How well do Americans understand the complexities of the nation’s debt crisis? If a comprehensive study of American financial literacy is any indication, the answer is not very well.
A comprehensive national study of the financial capability of American adults, conducted in 2009, revealed:
*Nearly half of survey respondents reported facing difficulties in covering monthly expenses and paying bills.
*The majority of Americans do not have “rainy day” funds set aside for unanticipated financial emergencies and similarly do not plan for predictable life events, such as their children’s college education or their own retirement.
*More than one in five Americans reported engaging in non-bank, alternative borrowing methods (such as payday loans, advances on tax refunds or pawn shops). And few appear to be knowledgeable about the financial products they own.
*While many American adults believed they were adept at dealing with day-to-day financial matters, they nevertheless engaged in financial behaviors that generated expenses and fees and exhibited a marked inability to do basic interest calculations and other math-oriented tasks. Few compared the terms of financial products or shopped around before making financial decisions.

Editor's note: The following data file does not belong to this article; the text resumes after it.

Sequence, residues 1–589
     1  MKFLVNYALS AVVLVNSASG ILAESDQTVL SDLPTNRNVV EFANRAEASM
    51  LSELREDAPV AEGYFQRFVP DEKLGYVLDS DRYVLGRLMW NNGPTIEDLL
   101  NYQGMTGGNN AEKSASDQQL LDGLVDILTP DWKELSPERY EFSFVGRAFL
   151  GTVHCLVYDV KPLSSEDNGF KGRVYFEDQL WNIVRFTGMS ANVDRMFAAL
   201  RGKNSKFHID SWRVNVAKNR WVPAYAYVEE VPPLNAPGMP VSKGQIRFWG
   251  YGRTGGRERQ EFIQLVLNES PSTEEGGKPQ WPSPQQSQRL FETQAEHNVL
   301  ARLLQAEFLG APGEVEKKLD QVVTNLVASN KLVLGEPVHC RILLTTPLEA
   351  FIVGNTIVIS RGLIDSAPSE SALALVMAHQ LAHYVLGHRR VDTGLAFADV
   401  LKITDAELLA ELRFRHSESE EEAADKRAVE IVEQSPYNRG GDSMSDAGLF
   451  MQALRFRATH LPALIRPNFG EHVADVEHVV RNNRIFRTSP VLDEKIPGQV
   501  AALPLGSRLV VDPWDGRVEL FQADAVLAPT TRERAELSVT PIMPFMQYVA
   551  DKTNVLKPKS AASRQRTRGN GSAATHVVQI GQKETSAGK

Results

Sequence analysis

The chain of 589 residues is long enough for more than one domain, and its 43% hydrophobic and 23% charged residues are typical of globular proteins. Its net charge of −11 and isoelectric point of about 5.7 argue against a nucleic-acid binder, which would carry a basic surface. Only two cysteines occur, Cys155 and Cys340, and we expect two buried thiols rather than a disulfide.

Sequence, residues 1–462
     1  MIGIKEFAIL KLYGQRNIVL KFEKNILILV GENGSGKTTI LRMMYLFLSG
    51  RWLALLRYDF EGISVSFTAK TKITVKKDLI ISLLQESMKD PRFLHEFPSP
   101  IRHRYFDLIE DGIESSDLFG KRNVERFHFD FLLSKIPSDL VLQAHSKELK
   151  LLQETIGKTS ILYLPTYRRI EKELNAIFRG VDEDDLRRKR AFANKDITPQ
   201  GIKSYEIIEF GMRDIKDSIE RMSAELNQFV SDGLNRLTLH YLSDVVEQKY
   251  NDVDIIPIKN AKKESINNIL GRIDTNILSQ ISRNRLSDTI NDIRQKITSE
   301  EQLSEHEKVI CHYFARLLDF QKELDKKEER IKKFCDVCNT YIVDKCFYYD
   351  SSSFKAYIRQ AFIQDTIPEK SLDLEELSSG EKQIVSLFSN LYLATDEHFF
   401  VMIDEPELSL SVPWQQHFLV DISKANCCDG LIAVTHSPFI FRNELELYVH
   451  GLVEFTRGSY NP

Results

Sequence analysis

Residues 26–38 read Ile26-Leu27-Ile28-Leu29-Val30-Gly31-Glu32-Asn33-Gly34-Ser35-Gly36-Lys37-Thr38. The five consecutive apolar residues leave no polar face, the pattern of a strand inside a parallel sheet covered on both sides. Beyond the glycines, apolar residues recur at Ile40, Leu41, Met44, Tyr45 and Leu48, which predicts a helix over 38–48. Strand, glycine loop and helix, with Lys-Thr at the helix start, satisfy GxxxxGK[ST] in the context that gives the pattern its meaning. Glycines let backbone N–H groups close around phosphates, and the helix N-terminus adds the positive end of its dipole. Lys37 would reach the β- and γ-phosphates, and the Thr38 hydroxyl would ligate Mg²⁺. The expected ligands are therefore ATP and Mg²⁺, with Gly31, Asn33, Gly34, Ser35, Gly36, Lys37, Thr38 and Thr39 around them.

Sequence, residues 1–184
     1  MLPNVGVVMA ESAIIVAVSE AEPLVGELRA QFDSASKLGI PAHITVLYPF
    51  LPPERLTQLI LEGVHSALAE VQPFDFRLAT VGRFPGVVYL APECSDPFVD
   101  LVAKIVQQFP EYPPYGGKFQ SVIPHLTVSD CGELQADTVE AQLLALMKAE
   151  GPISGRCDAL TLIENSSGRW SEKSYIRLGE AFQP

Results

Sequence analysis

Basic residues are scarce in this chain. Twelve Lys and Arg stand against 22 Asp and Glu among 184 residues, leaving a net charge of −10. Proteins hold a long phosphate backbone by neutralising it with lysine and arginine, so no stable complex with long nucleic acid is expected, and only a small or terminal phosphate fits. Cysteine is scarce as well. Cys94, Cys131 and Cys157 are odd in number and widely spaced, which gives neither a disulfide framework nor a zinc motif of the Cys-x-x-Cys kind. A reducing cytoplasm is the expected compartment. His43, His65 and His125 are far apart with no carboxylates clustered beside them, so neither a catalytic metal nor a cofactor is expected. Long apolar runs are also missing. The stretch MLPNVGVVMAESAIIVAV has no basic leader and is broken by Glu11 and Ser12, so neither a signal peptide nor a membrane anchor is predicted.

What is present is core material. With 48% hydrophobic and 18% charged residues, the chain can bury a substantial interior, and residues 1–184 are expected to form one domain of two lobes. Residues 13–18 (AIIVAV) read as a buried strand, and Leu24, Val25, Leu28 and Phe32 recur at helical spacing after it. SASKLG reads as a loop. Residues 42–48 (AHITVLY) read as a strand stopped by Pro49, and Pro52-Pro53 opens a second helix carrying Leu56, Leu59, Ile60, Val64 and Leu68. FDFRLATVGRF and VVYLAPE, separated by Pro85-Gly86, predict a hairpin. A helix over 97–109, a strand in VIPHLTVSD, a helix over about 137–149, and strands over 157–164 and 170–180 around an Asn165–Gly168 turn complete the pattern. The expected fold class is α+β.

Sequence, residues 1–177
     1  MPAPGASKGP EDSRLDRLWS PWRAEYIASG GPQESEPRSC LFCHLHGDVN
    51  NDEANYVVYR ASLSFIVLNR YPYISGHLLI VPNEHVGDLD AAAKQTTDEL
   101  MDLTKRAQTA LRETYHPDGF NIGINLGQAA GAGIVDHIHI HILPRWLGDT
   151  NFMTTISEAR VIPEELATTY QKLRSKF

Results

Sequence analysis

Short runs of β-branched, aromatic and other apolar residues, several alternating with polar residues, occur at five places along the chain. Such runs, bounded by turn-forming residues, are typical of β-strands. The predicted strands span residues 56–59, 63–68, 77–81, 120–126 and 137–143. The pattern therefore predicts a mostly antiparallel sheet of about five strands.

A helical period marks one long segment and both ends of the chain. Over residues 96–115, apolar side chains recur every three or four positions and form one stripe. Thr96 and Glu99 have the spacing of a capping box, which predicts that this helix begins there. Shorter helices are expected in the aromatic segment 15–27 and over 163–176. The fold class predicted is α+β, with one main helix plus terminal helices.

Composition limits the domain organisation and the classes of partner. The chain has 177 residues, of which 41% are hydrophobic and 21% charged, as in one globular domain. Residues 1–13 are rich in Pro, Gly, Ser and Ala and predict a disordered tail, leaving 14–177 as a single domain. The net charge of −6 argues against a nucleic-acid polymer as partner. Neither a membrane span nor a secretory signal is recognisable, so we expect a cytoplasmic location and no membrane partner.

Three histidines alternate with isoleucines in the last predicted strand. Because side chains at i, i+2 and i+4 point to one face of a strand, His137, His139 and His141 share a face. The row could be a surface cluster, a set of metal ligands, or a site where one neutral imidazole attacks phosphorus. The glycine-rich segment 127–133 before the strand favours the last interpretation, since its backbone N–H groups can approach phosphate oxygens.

*In general, measures of financial capability are much lower among adults with no post-secondary educational experience and those with household incomes below $25,000 per year, indicating that those populations are most vulnerable. Hispanics and African-Americans, who are disproportionately represented in these education and income segments, also face higher levels of exposure.
The survey was undertaken by the FINRA Investor Education Foundation in consultation with the Treasury Department and the President’s Advisory Council on Financial Literacy. FINRA, or the Financial Industry Regulatory Authority, is the leading non-governmental regulator for all securities firms doing business in the United States. (The President’s Advisory Council on Financial Literacy was created in 2010 to suggest ways to help Americans better understand financial matters and make informed financial decisions.)
The study consists of a state-by-state survey, a military survey and a national survey in which nearly 1,500 respondents were called between May and July 2009.
Financial literacy in public schools has been gaining some traction in recent years as it becomes increasingly obvious that Americans need a better understanding of money matters..
But Jump$tart, a national coalition of organizations dedicated to improving the financial literacy of pre-kindergarten through college-age youth, reports that more than half of U.S. states do not have a statewide financial education requirement. Though that does not necessarily mean that students in those states aren’t getting some financial literacy, there is still a need for much more.
Meanwhile, the state-by-state survey that was part of the national study detailed above assessed five key measures of financial capability, and found the following: